Until we answer the call to risk it all and enter in
The river calls, we can’t deny, a step of faith is our reply
We feel the spirit draw us in, the water’s swift, we’re forced to swim
We’re out of control and we go where he flows
The river that Steve Green speaks of is found in Ezekiel 47, the river that flows out from underneath the Temple, getting deeper and deeper as one is further away from the Temple. In verse 9, “It will come about that every living creature which swarms in every place where the river goes will live. And there will be very many fish, for these waters go there and the others become fresh; so everything will live where the river goes.” This is a picture of the spiritual life the believer experiences when he chooses to follow the Holy Spirit at any cost. Not knowing where the Spirit takes him is not an issue; he has chosen this course out of a devotion to a higher purpose. New life experiences are around every bend, as Steve Green continues,
Danger awaits at every turn, we choose a course, we live and learn
As we surrender to His will, we’re at peace but we’re seldom still
He is in control and we go where he flows
The Apostle Paul understood the principle of being an unsung hero. In Galatians 6:14, “But may it never be that I would boast, except in the cross of our Lord Jesus Christ, through which has been crucified to me and I to the world.” The spiritual life is not concerned about personal recognition or accolades, but exalts the purposes of God without regret. Paul acknowledged his own spiritual bankruptcy, recognizing that the life of Christ was his highest priority, not earned, but received by His grace. In 1Corinthians 15:9-10, he said, “For I am the least of the apostles and not fit to be called an apostle, because I persecuted the church of God. But by the grace of God I am what I am, and His grace toward me did not prove vain; but I labored even more than all of them, yet not I, but the grace of God with me.” Although we get to read about Paul and his life in the Bible, after his conversion in Acts 9, he did nothing to gain any personal recognition. In fact, he called all those individual gifts and accomplishments as rubbish (Philippians 3:8).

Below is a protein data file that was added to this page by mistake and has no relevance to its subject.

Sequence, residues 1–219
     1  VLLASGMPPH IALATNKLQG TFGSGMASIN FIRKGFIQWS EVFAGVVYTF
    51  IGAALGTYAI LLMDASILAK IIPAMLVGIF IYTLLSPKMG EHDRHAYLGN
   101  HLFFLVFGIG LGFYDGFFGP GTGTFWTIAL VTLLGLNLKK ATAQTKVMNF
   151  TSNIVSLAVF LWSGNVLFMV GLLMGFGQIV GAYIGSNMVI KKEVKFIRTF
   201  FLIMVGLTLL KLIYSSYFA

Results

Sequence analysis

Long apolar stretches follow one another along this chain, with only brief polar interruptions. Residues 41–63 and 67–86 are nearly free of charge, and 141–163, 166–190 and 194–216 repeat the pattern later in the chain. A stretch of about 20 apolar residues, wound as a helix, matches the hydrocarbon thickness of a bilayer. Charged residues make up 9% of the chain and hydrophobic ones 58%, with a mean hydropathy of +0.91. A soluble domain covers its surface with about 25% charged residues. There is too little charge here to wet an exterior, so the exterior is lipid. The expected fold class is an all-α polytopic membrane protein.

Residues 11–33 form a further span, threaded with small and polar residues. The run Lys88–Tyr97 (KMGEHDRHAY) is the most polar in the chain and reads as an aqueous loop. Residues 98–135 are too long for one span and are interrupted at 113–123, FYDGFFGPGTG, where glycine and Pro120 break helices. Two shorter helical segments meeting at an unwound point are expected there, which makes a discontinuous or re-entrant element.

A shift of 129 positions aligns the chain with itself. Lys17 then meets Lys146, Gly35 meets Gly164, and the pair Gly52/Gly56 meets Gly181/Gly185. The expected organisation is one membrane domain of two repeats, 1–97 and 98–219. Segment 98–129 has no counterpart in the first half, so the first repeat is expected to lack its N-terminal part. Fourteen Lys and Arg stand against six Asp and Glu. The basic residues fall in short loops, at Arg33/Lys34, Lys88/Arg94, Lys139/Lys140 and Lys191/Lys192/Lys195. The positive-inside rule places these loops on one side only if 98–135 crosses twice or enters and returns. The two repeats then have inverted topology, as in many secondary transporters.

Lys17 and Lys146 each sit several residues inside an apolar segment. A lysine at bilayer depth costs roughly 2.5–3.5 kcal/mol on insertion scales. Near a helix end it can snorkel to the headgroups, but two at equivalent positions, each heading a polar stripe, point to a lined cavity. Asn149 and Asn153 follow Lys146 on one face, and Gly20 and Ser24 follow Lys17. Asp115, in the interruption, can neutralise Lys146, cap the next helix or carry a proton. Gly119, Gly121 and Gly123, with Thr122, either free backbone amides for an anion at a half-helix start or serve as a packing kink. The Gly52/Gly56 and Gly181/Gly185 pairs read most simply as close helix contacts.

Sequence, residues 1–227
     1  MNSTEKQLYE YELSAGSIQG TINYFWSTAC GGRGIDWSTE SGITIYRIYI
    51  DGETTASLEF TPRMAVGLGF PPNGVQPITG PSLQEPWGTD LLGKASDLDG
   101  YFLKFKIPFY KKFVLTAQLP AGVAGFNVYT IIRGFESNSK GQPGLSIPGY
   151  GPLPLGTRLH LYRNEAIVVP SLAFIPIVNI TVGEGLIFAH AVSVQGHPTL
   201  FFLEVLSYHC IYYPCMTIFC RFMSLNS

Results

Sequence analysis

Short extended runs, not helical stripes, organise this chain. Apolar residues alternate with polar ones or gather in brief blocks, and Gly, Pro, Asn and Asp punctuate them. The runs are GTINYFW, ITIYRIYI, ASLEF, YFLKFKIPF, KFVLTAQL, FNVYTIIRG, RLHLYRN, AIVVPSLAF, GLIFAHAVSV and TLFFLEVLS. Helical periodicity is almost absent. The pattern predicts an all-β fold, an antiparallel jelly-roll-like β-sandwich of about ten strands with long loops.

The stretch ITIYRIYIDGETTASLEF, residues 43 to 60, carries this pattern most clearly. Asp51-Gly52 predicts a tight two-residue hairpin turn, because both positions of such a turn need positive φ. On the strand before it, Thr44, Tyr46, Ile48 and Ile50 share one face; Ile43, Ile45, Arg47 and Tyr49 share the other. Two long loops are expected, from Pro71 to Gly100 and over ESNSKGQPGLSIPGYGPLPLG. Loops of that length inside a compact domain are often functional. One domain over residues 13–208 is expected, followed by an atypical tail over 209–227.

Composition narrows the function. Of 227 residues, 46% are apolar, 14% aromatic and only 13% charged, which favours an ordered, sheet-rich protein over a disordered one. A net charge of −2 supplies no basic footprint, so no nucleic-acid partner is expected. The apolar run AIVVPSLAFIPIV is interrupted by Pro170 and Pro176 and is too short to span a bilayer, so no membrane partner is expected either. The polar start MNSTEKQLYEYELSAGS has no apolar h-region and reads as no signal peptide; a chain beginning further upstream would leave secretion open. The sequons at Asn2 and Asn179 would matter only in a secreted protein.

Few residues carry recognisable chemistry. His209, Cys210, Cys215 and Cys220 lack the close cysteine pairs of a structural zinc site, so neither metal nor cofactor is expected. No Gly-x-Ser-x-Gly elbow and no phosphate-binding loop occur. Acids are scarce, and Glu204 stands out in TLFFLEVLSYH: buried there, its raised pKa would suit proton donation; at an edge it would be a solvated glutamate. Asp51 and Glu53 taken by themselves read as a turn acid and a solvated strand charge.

Publishing the truth
God is looking for more William Tyndales, ones who are ready to step up to the unique call of God, believing that God will empower them to fulfill each call through His divine ability. In 2Chronicles 16:9, “For the eyes of the Lord move to and fro throughout the earth that He may strongly support those whose heart is completely His.” This call includes “publishing” (heralding, declaring) the gospel to a lost and dying world no matter what. We may not be tasked with the challenge of translating Scripture as Tyndale was, but we can be God’s communicators of the truth as the church anticipates the return of Christ at any moment.